Apple posts 'Samsung didn't copy' notice on U.K. websiteBy Jose Vilches 10 comments
Last week Apple lost its appeal in the UK regarding the High Court of Justice's ruling that Samsung's tablets did not infringe the iPad. The company was ordered in July to run a public notice on its UK website stating that Samsung did not infringe its design. Apple applied for a stay on the ruling, which it was granted, but after losing its appeal the company had no choice but to comply.
Of course Apple didn't just tuck its tail between its legs and admitted defeat. Instead, the Cupertino-based smartphone maker carefully worded its letter and couldn't resist throwing in a few quotes from the case, including Judge Colin Birss' assessment that Samsung's Galaxy tablets didn't "have the same understated and extreme simplicity which is possessed by the Apple design" and that they are simply "not as cool."
The letter closes by noting that while the U.K. court did not find Samsung guilty of infringement, the same patent trial in Germany and the US was ruled in Apple's favor. In the latter, Apple was awarded more than $1 billion in damages.
The letter is accessible via a small link at the bottom of the page with the title "Samsung/Apple UK judgment." The company is also required to post advertisements in prominent UK publications to "correct the damaging impression" that Samsung copied Apple. The full letter is posted below.
Samsung / Apple UK judgment
On 9th July 2012 the High Court of Justice of England and Wales ruled that Samsung Electronic (UK) Limited's Galaxy Tablet Computer, namely the Galaxy Tab 10.1, Tab 8.9 and Tab 7.7 do not infringe Apple's registered design No. 0000181607-0001. A copy of the full judgment of the High court is available on the following link www.bailii.org/ew/cases/EWHC/Patents/2012/1882.html.
In the ruling, the judge made several important points comparing the designs of the Apple and Samsung products:
"The extreme simplicity of the Apple design is striking. Overall it has undecorated flat surfaces with a plate of glass on the front all the way out to a very thin rim and a blank back. There is a crisp edge around the rim and a combination of curves, both at the corners and the sides. The design looks like an object the informed user would want to pick up and hold. It is an understated, smooth and simple product. It is a cool design."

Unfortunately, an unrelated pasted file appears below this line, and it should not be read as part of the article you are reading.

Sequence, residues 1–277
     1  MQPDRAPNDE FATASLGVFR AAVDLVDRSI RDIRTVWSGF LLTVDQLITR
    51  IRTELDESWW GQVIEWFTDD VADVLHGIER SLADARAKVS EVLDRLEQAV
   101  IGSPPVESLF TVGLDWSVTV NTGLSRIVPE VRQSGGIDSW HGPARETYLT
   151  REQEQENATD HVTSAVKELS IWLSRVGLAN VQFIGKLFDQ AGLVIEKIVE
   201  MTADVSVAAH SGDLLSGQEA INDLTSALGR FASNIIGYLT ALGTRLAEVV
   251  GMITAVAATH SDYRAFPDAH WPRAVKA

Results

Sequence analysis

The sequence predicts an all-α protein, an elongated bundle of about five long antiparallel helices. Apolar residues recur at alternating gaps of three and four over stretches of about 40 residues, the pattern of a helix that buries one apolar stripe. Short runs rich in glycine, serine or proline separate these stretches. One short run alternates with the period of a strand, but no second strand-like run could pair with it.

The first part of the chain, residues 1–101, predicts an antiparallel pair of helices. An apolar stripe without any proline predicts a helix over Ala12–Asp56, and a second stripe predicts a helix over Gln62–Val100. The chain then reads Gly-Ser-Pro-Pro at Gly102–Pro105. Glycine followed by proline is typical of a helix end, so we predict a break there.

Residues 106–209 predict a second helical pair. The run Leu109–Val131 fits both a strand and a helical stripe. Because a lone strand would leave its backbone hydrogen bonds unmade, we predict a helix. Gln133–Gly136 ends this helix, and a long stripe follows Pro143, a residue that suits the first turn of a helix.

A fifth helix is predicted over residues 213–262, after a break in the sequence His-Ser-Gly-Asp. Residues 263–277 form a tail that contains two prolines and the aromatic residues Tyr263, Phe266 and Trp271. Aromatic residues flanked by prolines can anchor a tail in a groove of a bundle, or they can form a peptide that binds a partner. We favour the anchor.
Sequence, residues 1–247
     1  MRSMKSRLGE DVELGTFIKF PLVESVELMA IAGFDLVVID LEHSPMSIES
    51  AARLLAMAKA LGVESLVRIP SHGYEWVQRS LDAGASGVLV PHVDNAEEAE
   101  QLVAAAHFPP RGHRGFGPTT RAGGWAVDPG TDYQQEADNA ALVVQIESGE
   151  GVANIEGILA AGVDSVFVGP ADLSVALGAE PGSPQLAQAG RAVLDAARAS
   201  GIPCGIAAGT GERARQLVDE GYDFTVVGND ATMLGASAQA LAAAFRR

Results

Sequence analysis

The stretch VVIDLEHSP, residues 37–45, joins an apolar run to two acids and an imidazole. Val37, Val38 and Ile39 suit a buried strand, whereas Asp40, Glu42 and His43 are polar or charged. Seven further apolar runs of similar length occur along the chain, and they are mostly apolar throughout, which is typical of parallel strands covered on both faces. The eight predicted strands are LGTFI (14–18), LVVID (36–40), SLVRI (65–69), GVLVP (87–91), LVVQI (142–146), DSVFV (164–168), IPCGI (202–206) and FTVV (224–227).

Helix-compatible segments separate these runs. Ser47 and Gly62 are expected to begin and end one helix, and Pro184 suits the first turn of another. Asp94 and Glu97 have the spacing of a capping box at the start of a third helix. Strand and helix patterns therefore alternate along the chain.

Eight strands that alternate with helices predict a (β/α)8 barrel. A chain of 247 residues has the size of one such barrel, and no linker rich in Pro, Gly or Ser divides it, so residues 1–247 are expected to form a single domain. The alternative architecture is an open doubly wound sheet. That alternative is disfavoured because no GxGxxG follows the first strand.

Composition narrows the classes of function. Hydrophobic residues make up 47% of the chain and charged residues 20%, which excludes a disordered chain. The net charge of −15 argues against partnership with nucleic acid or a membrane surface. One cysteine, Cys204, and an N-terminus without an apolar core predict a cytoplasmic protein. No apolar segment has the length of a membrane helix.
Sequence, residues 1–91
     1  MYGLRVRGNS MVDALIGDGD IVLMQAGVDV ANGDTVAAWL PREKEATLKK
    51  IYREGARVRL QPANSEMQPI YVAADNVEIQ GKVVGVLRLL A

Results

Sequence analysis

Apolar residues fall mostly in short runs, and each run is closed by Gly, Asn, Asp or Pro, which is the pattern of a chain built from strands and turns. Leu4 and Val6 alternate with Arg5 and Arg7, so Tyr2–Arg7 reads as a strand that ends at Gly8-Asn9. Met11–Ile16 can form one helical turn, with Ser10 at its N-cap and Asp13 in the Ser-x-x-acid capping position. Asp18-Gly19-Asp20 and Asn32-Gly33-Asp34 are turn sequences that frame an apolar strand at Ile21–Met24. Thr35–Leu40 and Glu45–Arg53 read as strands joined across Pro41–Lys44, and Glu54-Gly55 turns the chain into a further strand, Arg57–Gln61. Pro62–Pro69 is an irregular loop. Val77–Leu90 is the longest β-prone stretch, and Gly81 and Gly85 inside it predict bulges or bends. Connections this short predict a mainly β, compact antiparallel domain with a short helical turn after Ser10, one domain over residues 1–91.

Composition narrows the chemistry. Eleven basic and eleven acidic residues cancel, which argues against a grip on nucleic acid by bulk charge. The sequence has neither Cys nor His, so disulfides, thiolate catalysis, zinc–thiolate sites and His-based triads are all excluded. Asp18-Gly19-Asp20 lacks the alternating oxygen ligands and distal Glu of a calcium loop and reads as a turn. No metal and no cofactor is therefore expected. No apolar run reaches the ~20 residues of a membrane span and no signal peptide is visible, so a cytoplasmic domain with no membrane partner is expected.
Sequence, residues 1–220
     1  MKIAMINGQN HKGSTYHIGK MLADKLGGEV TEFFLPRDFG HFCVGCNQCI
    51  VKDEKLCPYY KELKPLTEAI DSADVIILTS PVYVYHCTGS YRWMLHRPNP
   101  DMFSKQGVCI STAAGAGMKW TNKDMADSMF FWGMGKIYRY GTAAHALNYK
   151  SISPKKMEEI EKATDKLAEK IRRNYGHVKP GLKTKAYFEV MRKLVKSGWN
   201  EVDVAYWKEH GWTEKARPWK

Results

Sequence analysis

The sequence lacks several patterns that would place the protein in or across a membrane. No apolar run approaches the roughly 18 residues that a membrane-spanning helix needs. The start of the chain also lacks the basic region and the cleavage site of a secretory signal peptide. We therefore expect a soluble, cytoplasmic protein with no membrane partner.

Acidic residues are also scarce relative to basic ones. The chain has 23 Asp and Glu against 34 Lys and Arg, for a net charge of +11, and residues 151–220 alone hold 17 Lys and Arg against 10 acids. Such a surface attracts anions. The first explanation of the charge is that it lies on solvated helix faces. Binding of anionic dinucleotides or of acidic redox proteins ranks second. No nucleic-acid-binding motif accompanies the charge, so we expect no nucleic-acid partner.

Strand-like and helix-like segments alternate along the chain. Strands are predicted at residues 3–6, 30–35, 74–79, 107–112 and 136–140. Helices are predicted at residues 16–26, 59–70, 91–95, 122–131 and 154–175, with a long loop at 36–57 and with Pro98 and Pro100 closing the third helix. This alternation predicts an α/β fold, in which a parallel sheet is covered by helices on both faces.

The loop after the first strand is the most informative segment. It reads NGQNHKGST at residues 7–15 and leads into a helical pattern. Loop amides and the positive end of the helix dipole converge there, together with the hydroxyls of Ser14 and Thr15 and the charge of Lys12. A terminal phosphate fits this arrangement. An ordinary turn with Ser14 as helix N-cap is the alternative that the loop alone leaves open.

"The informed user's overall impression of each of the Samsung Galaxy Tablets is the following. From the front they belong to the family which includes the Apple design; but the Samsung products are very thin, almost insubstantial members of that family with unusual details on the back. They do not have the same understated and extreme simplicity which is possessed by the Apple design. They are not as cool."
That Judgment has effect throughout the European Union and was upheld by the Court of Appeal on 18 October 2012. A copy of the Court of Appeal's judgment is available on the following link www.bailii.org/ew/cases/EWCA/Civ/2012/1339.html. There is no injunction in respect of the registered design in force anywhere in Europe.
However, in a case tried in Germany regarding the same patent, the court found that Samsung engaged in unfair competition by copying the iPad design. A U.S. jury also found Samsung guilty of infringing on Apple's design and utility patents, awarding over one billion U.S. dollars in damages to Apple Inc. So while the U.K. court did not find Samsung guilty of infringement, other courts have recognized that in the course of creating its Galaxy tablet, Samsung willfully copied Apple's far more popular iPad.